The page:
Listen to our latest conversation for the The Kathleen Project – collecting stories about Manchester’s industrial past, in the words of those who lived it.
In our ninth conversation for this project, we chatted with Chris G, who started work in the textile industry in the 1968 at age 15.
Chris G left school in 1968 aged 15 and started work in the textile industry.
Her first job was at Whirlies in Sharston, next to the Mr Kipling cake factory. Chris used to get to eat the damaged cakes! Whirlies was a single-storey factory with about 100 employees and Chris used to work on sewing pram sets for babies – matching covers and pillows to go in the pram. And sewing school uniforms.
There were rows of Singer sewing machines and big brown bins on wheels where all the garment pieces sat waiting to be stitched. It was a noisy place, but lots of fun, with the radio playing 60s pop tunes over the hum of sewing machines. During winter it got really cold as there was no central heating and people used to wear their hats and coats inside! And sometimes the flying fibres made the machinists cough, though Chris managed that by brudhing out her machine often.
During breaks they all used to go outside and sit on the wall, smoking and watching the boys go by!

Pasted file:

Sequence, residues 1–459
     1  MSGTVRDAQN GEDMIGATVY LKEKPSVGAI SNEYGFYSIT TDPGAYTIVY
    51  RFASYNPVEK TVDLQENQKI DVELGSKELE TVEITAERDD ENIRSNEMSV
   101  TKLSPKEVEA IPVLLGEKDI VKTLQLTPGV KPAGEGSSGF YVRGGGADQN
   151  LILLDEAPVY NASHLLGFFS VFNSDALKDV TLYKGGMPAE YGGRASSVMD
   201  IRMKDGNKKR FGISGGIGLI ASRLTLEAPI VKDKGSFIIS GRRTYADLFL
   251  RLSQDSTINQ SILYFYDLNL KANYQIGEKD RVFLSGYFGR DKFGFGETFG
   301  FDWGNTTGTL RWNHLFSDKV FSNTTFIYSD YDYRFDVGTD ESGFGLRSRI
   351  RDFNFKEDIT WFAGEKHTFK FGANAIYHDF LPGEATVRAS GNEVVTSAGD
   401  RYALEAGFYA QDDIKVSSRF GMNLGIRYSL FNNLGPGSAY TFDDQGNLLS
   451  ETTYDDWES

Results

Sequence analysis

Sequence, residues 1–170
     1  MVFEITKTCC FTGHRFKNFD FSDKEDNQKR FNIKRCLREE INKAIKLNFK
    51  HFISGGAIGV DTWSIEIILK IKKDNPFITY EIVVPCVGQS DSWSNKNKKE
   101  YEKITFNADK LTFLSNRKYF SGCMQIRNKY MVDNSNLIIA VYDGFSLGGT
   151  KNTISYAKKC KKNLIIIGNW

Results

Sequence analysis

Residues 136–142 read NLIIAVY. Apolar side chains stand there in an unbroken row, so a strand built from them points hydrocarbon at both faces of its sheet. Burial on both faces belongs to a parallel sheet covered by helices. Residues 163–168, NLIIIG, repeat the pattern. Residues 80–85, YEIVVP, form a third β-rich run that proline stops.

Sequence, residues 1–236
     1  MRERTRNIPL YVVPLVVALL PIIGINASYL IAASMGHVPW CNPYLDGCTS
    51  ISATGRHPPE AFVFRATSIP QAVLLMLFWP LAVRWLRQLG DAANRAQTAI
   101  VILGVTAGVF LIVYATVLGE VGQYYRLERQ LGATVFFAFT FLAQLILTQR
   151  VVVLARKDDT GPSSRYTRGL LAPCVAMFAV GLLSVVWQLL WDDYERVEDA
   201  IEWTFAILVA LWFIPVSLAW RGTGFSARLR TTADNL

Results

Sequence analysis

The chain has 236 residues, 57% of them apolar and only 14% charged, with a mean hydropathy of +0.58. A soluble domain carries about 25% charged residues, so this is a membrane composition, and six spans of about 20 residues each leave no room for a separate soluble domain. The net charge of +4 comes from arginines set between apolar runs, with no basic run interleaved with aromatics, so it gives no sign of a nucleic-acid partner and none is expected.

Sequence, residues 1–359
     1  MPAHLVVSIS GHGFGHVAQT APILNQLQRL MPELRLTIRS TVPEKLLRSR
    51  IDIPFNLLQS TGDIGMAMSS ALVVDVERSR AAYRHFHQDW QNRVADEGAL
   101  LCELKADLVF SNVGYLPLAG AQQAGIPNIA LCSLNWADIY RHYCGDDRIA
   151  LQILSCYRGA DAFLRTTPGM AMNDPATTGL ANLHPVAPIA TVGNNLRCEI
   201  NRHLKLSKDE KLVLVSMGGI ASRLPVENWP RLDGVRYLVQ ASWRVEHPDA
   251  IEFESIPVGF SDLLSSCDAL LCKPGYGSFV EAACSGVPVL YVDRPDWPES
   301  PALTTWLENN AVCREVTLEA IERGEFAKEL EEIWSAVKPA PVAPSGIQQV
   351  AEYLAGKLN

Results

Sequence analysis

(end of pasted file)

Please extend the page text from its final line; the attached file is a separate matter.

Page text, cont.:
At one point Chris’s boss asked her to go and work in the cutting department, but the cutting table was high and she was too short to use it, so she had to stand on a box.
One memory that stands out for Chris is the time that she got a sewing machine needle stuck in her finger! It happened when the sewing machine mechanic was out to lunch, so she had to wait for him to get back to be freed from the machine! Then she had to go to hospital to get the needle removed.
Chris loved working there, and stayed for three years. She got married at 19 and then didn’t return to the industry after having her first child.
The Kathleen Project, episode 9: In Conversation with Chris G
Thanks so much to Chris for sharing her story with us! If you know anyone who worked in Greater Manchester’s textile industry and would like to take part in the project, please do ask them to contact us.
The Kathleen Project is led by Stitched Up and supported by Historic England